Once you’ve got an instrument rating, in my case a restricted version, it’s really important to keep in practice. The skills quickly go rusty, and the last thing you want is to find yourself in cloud, having to perform an instrument approach, and not being on top of your game.
Instrument flying can be hard work, and while I wasn’t flying this route completely on instruments all the way, you’ll see from the video how I’m having to constantly change and identify VOR, ILS and DME frequencies, and also communicate my intentions to various air traffic controllers.
Practicing instrument flying in visual meteorological conditions really requires there to be a safety pilot on board, who can keep the visual lookout going, while the captain dedicates his/her time on the instruments. Luckily, Patrick from our flying syndicate was happy to oblige. Patrick is an experienced commercial pilot, although as he puts it, he’s a little ‘rusty’.
Another slight complication on this flight was that India Zulu doesn’t have an Automatic Direction Finder (ADF). As you’ll see from the instrument approach chart above, the procedure for Lydd, and many other airports, requires an ADF to receive the Non Directional Beacon (NDB). Without an ADF, I had to make a special arrangement with Lydd prior to this flight. The arrangement was dependent on there being visual meteorological conditions at Lydd. I used VORs and DME to position myself on the 14dme arc, and then followed that around to the extended centreline.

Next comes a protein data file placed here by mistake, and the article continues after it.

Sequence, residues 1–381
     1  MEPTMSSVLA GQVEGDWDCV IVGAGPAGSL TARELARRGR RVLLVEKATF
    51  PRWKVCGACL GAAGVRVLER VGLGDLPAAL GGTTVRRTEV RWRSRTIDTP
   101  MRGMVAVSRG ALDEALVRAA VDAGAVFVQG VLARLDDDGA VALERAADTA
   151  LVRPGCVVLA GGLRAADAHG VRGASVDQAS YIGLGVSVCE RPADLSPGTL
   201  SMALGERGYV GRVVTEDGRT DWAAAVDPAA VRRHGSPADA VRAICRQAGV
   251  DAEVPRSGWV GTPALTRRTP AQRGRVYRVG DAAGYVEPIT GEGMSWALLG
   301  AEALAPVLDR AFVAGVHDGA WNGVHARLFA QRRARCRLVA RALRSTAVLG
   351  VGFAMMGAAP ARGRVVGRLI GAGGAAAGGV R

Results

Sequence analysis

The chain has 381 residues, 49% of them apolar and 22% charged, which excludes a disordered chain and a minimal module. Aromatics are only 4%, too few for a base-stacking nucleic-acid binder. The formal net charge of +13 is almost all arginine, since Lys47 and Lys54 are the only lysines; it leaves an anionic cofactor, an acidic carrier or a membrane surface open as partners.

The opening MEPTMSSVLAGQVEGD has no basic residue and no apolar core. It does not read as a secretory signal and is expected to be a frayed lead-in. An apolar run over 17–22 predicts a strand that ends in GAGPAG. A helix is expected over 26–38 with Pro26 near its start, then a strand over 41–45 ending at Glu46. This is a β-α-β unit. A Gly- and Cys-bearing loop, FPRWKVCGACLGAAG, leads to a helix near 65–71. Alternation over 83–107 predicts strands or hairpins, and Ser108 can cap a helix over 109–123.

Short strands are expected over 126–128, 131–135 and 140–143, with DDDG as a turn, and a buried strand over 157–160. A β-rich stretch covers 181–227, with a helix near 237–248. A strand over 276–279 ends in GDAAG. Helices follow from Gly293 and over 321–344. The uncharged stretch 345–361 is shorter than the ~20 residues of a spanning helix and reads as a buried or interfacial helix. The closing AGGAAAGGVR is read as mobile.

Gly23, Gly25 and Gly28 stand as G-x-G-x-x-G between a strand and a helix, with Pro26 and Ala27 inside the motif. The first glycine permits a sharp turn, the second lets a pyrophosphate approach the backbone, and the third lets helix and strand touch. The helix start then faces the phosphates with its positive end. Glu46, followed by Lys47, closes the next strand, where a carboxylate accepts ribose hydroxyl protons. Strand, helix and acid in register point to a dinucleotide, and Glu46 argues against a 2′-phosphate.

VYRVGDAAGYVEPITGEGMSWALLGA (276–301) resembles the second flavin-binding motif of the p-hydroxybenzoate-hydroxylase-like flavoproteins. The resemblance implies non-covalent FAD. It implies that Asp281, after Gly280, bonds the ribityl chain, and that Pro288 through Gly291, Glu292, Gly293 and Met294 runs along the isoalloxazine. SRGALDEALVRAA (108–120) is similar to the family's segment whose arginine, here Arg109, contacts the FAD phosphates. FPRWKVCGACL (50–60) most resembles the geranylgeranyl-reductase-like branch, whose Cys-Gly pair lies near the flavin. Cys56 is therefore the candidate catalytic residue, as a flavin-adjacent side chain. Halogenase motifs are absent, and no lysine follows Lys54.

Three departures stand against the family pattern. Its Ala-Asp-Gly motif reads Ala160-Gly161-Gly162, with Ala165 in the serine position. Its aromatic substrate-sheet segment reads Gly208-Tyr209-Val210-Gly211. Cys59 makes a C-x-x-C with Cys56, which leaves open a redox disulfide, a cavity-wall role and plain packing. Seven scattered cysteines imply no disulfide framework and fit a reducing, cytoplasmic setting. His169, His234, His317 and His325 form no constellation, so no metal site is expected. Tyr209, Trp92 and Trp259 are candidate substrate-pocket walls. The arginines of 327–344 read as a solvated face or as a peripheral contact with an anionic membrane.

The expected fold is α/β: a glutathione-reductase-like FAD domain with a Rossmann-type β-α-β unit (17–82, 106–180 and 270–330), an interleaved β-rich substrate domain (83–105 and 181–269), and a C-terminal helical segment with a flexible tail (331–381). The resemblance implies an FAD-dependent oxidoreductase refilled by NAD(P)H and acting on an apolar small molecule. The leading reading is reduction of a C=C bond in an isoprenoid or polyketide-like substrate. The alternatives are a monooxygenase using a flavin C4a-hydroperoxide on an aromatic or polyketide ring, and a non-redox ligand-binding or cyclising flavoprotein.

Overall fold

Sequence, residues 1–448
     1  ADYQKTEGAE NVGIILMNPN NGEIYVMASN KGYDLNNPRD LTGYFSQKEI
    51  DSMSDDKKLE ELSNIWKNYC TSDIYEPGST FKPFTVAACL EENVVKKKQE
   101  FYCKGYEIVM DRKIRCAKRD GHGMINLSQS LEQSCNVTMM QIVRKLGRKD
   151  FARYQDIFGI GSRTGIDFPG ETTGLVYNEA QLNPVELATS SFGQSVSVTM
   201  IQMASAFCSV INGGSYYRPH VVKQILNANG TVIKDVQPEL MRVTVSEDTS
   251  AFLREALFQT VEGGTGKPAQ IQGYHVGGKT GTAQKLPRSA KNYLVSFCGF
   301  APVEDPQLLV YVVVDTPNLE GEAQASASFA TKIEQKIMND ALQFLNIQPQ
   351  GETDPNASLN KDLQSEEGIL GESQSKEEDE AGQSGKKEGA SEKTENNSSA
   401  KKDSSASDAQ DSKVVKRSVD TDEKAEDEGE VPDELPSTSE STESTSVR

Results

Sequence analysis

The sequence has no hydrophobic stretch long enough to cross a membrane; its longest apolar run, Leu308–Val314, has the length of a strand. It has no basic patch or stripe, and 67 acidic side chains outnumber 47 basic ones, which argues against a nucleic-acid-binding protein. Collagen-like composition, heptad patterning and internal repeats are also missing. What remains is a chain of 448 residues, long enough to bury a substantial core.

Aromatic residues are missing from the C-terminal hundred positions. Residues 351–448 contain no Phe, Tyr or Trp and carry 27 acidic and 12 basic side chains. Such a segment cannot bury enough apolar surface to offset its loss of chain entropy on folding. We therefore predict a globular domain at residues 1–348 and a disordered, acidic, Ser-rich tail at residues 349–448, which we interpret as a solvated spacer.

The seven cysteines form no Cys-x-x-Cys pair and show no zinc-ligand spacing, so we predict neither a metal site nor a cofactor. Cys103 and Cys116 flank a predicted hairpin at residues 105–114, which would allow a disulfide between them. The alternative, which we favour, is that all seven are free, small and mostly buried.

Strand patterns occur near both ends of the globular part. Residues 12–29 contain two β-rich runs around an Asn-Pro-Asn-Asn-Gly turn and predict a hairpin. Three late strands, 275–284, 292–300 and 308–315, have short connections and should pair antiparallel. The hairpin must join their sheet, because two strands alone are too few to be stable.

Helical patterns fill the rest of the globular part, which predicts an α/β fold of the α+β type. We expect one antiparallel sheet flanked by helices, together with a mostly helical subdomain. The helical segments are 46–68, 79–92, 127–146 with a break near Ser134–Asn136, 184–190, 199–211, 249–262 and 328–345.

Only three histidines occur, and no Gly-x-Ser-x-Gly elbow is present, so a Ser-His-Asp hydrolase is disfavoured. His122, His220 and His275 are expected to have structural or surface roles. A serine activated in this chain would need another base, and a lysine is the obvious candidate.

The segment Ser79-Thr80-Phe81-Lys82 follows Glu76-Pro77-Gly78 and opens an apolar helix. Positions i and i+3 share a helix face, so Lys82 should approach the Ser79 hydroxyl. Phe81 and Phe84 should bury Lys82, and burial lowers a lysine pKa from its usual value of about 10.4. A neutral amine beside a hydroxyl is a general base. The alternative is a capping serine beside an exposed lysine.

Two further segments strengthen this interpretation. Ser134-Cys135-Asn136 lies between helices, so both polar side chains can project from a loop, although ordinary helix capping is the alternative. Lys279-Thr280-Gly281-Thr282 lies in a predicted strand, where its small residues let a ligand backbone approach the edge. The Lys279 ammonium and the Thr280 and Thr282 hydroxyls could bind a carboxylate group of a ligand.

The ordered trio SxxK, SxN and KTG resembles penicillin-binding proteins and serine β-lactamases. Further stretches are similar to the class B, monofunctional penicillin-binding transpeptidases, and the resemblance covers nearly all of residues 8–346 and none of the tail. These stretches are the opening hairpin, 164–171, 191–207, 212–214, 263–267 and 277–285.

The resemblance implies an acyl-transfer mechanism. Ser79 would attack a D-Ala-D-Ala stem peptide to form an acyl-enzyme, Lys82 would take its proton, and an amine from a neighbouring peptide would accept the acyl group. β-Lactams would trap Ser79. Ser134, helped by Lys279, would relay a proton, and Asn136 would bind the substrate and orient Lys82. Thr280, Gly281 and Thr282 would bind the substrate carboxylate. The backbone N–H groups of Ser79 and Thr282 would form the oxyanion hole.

Even though I hadn’t flown an ILS approach for quite some weeks, everything worked perfectly, and I managed to track the localiser and glideslope all the way down to my decision height.
This was a very enjoyable flight, ATC was excellent, and the trip has given my instrument flying skills a boost. Many thanks to Patrick for giving up his time for me.
Video: Lydd ILS Approach